And because of the absence of that reward system-- and here I'm talking about payment issues, about reimbursement issues. About the fact that we are now expected, in the diagnostics world, to generate levels of evidence that start to look like those of therapeutics.


But the reward systems-- current Medicare standards for payment-- relate more to time and materials, and don't really recognize the kind of value that's recognized on the therapeutic side, which is, listen. It takes time, and skills, and resources to develop these tests that accurately predict whether a drug's going to work or not.


And, in the absence of a payment system at the other end which recognizes this, it's not clear who's going to develop these tests, because the business model for small startup molecular diagnostic companies-- the kind of companies with the technology to produce these tests that we all believe, as a community, are important to the future of cancer medicine, as well as other types of medicine--


It's not clear how those companies will be sustained, and how those tests will be developed, and how they will be introduced into general clinical medicine.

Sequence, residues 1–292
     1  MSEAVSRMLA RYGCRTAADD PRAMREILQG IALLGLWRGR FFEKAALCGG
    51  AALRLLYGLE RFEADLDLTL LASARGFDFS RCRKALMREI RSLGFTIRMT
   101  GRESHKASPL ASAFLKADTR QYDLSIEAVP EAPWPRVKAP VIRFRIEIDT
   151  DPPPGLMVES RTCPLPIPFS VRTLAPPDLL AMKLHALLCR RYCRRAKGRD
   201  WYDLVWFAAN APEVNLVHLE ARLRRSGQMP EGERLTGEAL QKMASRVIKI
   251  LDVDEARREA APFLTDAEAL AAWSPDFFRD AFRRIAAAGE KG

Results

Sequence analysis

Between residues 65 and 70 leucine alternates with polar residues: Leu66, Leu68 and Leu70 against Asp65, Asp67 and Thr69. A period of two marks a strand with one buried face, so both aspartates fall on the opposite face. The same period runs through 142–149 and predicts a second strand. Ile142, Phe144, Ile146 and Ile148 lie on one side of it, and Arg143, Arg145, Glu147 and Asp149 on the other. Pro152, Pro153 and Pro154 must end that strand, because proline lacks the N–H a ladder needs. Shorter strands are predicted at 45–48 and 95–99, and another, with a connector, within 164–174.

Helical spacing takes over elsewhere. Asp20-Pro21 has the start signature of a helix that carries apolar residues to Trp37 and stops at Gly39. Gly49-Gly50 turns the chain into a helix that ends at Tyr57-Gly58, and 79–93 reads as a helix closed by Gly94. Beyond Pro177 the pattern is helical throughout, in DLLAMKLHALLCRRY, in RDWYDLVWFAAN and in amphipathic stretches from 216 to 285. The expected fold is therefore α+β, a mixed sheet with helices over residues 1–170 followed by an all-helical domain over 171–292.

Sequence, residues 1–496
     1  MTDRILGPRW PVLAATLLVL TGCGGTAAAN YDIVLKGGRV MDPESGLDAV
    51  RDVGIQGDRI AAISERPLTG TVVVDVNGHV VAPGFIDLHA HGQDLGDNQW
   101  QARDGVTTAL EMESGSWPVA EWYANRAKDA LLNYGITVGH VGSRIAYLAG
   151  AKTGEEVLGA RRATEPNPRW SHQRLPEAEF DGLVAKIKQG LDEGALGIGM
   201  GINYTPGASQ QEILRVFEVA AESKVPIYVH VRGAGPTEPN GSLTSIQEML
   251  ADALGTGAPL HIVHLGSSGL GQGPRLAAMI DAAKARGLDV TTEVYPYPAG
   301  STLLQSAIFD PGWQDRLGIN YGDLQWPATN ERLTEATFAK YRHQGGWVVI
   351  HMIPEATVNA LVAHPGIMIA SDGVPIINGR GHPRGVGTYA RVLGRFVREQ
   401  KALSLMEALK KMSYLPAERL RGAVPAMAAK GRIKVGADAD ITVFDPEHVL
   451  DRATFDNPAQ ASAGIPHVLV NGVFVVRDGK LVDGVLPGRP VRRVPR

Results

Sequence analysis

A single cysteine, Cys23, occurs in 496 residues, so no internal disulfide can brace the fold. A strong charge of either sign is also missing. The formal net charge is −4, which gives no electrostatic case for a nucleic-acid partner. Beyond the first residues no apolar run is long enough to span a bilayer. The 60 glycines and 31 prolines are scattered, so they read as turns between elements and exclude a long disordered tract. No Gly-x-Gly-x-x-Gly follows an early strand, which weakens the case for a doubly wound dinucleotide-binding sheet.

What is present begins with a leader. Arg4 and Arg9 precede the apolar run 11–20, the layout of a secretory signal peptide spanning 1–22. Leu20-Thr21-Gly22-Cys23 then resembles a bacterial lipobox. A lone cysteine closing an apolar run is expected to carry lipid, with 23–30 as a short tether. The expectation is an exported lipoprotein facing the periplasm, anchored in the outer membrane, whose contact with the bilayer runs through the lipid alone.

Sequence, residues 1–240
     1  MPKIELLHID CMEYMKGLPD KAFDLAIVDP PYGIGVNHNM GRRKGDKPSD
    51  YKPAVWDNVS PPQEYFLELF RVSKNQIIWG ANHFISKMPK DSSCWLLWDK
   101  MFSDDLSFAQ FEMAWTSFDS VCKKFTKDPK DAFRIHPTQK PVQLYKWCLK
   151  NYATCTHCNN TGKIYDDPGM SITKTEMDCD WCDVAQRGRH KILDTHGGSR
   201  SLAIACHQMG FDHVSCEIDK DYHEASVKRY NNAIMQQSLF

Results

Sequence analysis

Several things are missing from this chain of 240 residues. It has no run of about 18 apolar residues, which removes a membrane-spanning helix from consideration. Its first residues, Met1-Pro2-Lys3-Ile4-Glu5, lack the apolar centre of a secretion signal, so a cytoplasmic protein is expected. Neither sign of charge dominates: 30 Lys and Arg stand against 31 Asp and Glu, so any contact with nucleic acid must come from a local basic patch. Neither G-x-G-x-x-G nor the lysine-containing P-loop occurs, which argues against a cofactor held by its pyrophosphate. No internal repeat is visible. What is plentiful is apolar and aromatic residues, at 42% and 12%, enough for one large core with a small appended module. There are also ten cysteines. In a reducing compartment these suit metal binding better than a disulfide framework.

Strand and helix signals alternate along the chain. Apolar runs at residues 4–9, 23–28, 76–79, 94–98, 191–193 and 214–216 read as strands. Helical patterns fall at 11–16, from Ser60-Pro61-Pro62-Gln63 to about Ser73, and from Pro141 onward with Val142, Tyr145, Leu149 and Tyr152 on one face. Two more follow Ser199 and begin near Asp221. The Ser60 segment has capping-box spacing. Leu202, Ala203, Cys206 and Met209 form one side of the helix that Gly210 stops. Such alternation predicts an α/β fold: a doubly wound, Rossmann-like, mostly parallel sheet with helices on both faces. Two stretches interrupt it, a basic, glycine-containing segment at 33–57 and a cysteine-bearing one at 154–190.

STEVE USDIN: OK, thanks. We're going to continue our discussion of the opportunities and challenges posed by advanced cancer diagnostics in just a moment.


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STEVE USDIN: We'll be joined shortly by Kim Popovits, CEO, Genomic Health. Now, we're back with David Parkinson.


David, I want to propose a scenario to you. You've got a company, you've got a great new technology for some advanced cancer diagnostic. You're going to do the diagnostic tests in your own lab-- it's called a CLIA Certified Lab. Is there a clear regulatory pathway now for what you need to do to get this diagnostic on the market?


DAVID PARKINSON: Well, the path would depend on the perception by the regulators as to the importance of the test and the risk around the test. Low-risk tests, the path is quite clear-- that's, you produce it in your CLIA Lab, you can't advertise it, you can't make claims. There are no levels of evidence around it, necessarily. You could just commercialize it.


STEVE USDIN: And low risk means something where the consequences of the test being wrong aren't serious.


DAVID PARKINSON: That's correct. But what we're really talking about here today are the tests that we care about, which are tests that are going to be--


STEVE USDIN: High risk.


DAVID PARKINSON: Absolutely. The ones that are related to determining whether a therapeutic should be used or not.


STEVE USDIN: Life or death.


DAVID PARKINSON: Life or death, high risk-- "advanced class risk," to the FDA-- the expectation is that those tests require FDA approval. There have been relatively few tests examined and approved under this approach. There are new guidances which have emerged-- and others, I'm sure, will emerge in the next couple of years.